(CNN) — The New York Police Department “failed” when an officer killed a 66-year-old mentally ill woman who attacked him with a baseball bat in a Bronx apartment, police Commissioner James O’Neill said Wednesday.
“We do have policies and procedures for handling emotionally disturbed people, and it looks like that some of those procedures weren’t followed,” O’Neill said during a speech to the Citizens Crime Commission in Manhattan. “What is clear in this one instance is we failed.”
Bronx Borough President Ruben Diaz Jr. said the killing was “an outrage” and questioned why the officer who killed Deborah Danner didn’t use a stun gun.
Officers went to the apartment around 6 p.m. Tuesday after a neighbor called 911 about an a woman acting in an irrational manner, Assistant Chief Larry W. Nikunen said. Police have gone to the apartment before to handle similar calls, Nikunen said.
A sergeant entered the seventh-floor apartment and encountered the woman, who was armed with scissors, but he persuaded her to put them down, Nikunen said.
The woman grabbed a baseball bat and attempted to strike the sergeant, Nikunen said. The officer fired two shots, striking the woman in the torso, he said. She died of her injuries after being taken to Jacobi Medical Center.
Officer on ‘modified assignment’
The officer was armed with a Taser, but it was not deployed, Nikunen said. Why the stun gun wasn’t used will be a part of the investigation by the New York police’s Force Investigation Division, Nikunen said.
Danner was a 66-year-old black female who lived alone, Nikunen said.
The officer has not been named, but Nikunen said he is a white male and an eight-year veteran of the police department.
Thomas Antonetti of the Office of the Deputy Commissioner of Public Information said the officer is on “modified assignment” that requires he be stripped of his gun and badge pending the investigation.
Nikunen didn’t have details on the earlier incidents when police went to Danner’s apartment.
The killing comes after protests in recent years over fatal police shootings of black people in cities such as Charlotte, North Carolina, and Ferguson, Missouri. Protesters have been demanding justice and an end to police brutality.
‘Our first obligation is to preserve life’
New York officials quickly responded to the Bronx shooting, including the police commissioner.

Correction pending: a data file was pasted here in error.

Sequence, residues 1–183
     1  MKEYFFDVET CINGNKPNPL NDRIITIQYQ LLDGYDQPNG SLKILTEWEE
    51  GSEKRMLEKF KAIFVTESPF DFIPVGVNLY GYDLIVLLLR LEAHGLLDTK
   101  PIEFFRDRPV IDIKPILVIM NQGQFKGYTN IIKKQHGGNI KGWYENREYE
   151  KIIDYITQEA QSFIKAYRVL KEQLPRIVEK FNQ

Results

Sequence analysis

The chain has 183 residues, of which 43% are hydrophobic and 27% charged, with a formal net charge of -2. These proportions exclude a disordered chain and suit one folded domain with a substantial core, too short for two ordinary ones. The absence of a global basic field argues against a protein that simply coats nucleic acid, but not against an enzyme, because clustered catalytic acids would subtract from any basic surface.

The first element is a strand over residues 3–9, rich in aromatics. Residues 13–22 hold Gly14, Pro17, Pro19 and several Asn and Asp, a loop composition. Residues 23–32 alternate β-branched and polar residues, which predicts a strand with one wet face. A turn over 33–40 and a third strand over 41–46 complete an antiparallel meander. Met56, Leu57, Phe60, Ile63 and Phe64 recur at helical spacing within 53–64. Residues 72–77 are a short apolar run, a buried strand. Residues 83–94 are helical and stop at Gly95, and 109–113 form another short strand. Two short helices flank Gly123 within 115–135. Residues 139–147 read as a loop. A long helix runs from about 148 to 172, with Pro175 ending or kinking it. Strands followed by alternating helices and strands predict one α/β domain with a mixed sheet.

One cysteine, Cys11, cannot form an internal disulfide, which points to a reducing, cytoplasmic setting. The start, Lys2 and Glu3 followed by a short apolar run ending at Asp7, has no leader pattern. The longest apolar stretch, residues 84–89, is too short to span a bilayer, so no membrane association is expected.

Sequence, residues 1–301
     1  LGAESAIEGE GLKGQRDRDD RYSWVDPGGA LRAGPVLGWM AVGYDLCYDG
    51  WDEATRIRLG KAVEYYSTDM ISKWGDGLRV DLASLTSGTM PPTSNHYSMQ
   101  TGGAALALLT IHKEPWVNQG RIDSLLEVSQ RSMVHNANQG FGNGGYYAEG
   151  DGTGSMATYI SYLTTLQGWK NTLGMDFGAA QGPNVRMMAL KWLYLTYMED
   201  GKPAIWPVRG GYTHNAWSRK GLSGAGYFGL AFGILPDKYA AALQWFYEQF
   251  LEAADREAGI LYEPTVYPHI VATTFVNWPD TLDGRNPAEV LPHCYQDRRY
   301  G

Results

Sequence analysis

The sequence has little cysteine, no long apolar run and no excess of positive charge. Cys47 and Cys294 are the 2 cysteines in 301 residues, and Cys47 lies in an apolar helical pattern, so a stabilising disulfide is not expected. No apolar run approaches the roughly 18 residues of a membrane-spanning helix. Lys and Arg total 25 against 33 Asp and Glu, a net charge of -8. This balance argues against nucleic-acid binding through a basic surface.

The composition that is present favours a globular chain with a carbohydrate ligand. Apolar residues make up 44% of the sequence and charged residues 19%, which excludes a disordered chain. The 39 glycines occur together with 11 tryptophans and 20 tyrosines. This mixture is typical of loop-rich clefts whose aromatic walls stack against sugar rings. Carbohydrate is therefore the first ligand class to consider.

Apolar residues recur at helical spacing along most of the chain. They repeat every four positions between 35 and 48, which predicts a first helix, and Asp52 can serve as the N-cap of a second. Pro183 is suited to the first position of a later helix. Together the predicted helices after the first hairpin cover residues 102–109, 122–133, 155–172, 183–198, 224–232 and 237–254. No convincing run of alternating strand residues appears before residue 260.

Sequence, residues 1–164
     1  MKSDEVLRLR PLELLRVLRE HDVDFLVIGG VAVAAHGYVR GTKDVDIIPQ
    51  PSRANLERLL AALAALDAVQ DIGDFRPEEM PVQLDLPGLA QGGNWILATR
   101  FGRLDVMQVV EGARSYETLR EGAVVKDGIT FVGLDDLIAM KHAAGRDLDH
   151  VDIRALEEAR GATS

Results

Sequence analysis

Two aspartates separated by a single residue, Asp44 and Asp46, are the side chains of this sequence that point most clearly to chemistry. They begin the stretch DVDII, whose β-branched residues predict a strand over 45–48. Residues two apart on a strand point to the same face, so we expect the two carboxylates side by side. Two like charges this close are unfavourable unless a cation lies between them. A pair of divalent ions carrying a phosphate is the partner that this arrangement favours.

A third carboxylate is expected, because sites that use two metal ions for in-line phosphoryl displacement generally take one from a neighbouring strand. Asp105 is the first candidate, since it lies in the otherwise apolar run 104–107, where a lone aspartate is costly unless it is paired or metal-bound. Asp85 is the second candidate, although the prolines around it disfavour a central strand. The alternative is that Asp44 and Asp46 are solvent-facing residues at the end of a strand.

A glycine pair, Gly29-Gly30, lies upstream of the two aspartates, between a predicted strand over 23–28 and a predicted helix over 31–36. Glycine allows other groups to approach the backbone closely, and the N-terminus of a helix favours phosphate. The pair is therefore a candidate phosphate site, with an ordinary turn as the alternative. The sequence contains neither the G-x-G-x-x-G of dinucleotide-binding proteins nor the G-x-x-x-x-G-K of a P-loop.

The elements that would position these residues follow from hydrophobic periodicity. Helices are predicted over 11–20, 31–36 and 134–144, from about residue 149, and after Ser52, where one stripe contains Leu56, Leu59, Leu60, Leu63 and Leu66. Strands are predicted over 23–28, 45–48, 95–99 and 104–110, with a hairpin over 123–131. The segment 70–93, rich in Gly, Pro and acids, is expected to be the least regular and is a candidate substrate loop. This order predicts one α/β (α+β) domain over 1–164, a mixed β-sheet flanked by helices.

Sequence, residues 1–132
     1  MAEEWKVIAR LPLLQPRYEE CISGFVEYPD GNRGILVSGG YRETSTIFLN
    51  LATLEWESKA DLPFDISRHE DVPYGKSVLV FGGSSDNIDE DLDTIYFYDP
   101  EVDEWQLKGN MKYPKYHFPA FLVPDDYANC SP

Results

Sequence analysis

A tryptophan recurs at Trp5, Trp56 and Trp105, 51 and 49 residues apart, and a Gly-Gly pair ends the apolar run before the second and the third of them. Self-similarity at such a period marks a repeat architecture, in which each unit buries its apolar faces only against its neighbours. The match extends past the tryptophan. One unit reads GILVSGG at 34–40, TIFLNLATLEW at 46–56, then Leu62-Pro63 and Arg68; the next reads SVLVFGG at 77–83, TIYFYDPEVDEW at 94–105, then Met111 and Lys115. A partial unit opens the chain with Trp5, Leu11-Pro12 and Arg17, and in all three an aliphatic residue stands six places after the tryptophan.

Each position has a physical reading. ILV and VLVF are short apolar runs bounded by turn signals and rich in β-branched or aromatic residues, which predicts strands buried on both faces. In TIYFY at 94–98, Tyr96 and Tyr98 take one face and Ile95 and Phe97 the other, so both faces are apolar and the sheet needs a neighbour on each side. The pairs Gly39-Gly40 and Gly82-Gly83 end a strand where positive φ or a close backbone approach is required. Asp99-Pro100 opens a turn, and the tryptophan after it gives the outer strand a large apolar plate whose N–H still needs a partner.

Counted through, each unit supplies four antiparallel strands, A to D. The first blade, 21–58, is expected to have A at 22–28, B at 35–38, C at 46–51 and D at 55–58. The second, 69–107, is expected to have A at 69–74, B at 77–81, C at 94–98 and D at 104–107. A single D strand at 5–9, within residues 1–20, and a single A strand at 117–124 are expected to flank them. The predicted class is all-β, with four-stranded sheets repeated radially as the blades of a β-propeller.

“That’s not how it’s supposed to go,” O’Neill said. “It’s not how we train. Our first obligation is to preserve life, not to take a life when it can be avoided.”
O’Neill said the officer would have received classes on de-escalation in 2014-15. Last year New York police responded to about 150,000 calls involving emotionally disturbed persons, he said.
“Our policy is isolate and contain,” O’Neill said. “If you have somebody in a certain area, time is on our side. ESU (the emergency service unit) is dispatched to every emotionally disturbed person job, so we had time.”
Mayor Bill de Blasio tweeted: “We’re determined to get to the bottom of what happened and won’t rest until we do.”
Attorney general to review case
Diaz, the Bronx borough president, issued a statement calling the shooting “an outrage, especially given the New York Police Department’s knowledge of this woman’s history and the police officer’s possession of a stun gun.
“While I certainly understand the hard work that our police officers undertake to keep the streets of our city safe every single day, I also know what excessive force looks like.”
Diaz called on New York Attorney General Eric Schneiderman and Bronx District Attorney Darcel Clark to investigate.
Under an executive order Gov. Andrew Cuomo signed in 2015 after the police killing of Eric Garner, the attorney general can act as a special prosecutor in cases in which law enforcement officers kill civilians.
A spokesman for the attorney general said his office was reviewing the fatal shooting.
New York City Council Speaker Melissa Mark-Viverito said in a statement: “Use of deadly force must be a last resort and once again we have an instance where it was not. Deborah Danner should have been helped, not killed.”
New York City Public Advocate Letitia James tweeted, “Police-involved shooting of woman in Bronx is concerning. We need a swift, thorough, transparent (investigation).”
Law professor weighs in
Eugene O’Donnell, professor of law and police studies at John Jay College of Criminal Justice, told CNN that these situations are “all too common and all too predictable.”
But the shooting appeared to be legally justified, he said.
O’Donnell said that ideally, mentally unstable individuals should be protected and overseen to make sure they stay on their medications.
He said the New York Police Department has specially trained officers for these types of incidents, but the officers who initially respond usually don’t have that training.
“Anyone who says this was a Taser situation doesn’t understand what the police do,” he said. “A baseball bat can cause death or serious physical injury, and a Taser is not appropriate in a deadly force situation.”
Carolina, and Ferguson, Missouri. Protesters have been demanding justice and an end to police brutality.